Since 1980, over 100 militant organizations have carried out more than 4,000 suicide attacks, killing upwards of 35,000 people. Suicide attacks continue to plague conflict zones, and 2012 alone saw militant organizations increasingly use the tactic in Syria, Nigeria, Yemen and elsewhere. Due to the tactic’s steady proliferation, researchers have attempted to explain the phenomenon’s “root causes.” Early studies argued that foreign military intervention and competition among rival militant organizations triggered the use of suicide attacks. However, the collection and analysis of newer data illustrate that the phenomenon remains far more complex than previously thought.
Our research on suicide attacks garnered a number of novel findings, most notably that the suicide-attack phenomenon has diffused across regions via a network of militant organizations that maintain ties. Our findings align with social theorist Georg Simmel’s 1904 assertion that “any given form of [conduct]…may become fashionable.” Like a trendy fashion, the use of suicide attacks transmits from one militant organization to another. New organizations adopt the tactic to “fit in” and gain allies, and along the way they adapt the modus operandi for their own contextualized purposes.The alliances that militant organizations establish and maintain directly affect their level of participation in the suicide-attack phenomenon. For example, the Nigerian Islamist organization Boko Haram emerged in 2002 but only began using suicide attacks in 2011,as it established links with al-Qaeda in the Islamic Maghreb (AQIM) and the Somali al-Shabaab—two organizations known for their use of “martyrdom operations.” Moreover, the more ties between the militant organizations that use suicide attacks in a given year, the higher the overall output of suicide attacks.
These findings have major implications for counter-terrorism and counter-insurgency policy. Rather than focus limited resources on targeting figureheads of militant organizations, counter-terrorism strategy should allocate more resources to tracking and targeting the militant operatives—usually mid-level members—that link different organizations together. The elimination of such conduits can diminish the influence that one militant organization has on another, and decrease the ability of separate organizations to pool their resources. In turn, the isolation of organizations that promote “martyrdom operations” reduces the overall output of suicide attacks.
As sociologist Robert Michels first recognized in 1911, political organizations form leadership hierarchies. Accordingly, eliminating a militant figurehead simply brings a replacement figurehead to fill the void. By contrast, disrupting the personalized connections between organizations can prove far more damaging to connected militant organizations, as well as the larger network of organizations. The trust, reliance, and special relationships of conduits can take months or even years to rebuild between new individual representatives of militant organizations. Within dark networks, trust represents a scarce commodity from which organizations base cooperation, and expunging the chief conduits of cooperation marks the optimal way to markedly decrease the occurrence of suicide attacks.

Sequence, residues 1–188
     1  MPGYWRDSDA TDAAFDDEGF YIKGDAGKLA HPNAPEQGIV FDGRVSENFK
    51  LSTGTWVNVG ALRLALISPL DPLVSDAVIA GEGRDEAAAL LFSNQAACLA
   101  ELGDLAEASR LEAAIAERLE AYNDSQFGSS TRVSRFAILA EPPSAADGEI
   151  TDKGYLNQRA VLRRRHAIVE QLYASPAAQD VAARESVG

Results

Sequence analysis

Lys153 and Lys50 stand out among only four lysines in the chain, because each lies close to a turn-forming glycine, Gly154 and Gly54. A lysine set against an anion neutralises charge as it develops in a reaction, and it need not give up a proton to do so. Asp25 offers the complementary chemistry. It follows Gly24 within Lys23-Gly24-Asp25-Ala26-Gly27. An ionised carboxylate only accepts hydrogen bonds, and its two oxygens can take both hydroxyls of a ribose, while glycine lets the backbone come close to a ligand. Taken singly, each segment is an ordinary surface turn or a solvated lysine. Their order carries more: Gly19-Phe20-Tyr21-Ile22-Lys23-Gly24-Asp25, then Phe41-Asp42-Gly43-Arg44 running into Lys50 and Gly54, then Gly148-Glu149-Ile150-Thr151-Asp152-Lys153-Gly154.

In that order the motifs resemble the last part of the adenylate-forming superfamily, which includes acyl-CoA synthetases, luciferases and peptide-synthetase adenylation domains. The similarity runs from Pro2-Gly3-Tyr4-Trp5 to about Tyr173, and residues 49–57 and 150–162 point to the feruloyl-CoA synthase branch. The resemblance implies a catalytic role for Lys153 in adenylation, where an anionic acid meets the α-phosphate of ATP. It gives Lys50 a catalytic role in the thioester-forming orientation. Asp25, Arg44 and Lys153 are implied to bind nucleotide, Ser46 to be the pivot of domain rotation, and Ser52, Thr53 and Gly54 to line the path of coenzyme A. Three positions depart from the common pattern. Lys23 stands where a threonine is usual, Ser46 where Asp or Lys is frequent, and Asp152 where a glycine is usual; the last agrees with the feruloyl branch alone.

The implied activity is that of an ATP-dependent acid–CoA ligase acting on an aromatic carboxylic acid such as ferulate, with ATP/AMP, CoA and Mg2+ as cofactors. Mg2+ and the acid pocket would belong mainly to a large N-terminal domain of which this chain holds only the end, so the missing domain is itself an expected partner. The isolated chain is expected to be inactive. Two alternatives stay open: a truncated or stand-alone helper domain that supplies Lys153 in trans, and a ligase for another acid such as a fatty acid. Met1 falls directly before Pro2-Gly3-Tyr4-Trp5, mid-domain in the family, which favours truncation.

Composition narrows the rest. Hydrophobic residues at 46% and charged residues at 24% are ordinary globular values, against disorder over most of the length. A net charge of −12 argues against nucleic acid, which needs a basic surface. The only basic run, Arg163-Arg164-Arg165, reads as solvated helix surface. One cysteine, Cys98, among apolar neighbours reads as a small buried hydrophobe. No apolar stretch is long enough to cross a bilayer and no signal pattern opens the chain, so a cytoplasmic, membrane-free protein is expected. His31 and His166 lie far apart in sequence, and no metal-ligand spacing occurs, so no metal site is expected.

Some recent academic studies have argued in favor of targeting militant “leaders,” regularly understood as organizational figureheads. Certainly, in some cases, militant leaders are also conduits. Prior to his demise, the leader of al-Qaeda in Iraq (AQI), Abu Musab al-Zarqawi, spread the suicide-attack tactic to a variety of terrorist organizations throughout the Middle East. Yet, more often than not, tactics like suicide attacks have diffused across organizations at the instruction of operatives like Imad Mughniyeh, a Hezbollah operative who was never the figurehead of his organization. Accordingly, counter-terrorism policy should place an emphasis on conduits rather than figureheads, despite whether such conduits are also “leaders.” While the killing of Usama bin Laden arrived long overdue, his elimination will do little in the long-run to weaken al-Qaeda’s influence over other organizations. Only targeting al-Qaeda’s mid-level operatives who work as conduits can lessen al-Qaeda’s centrality in the global “social network” of militant organizations, and hence reduce its capability to spread the use of “martyrdom operations.”
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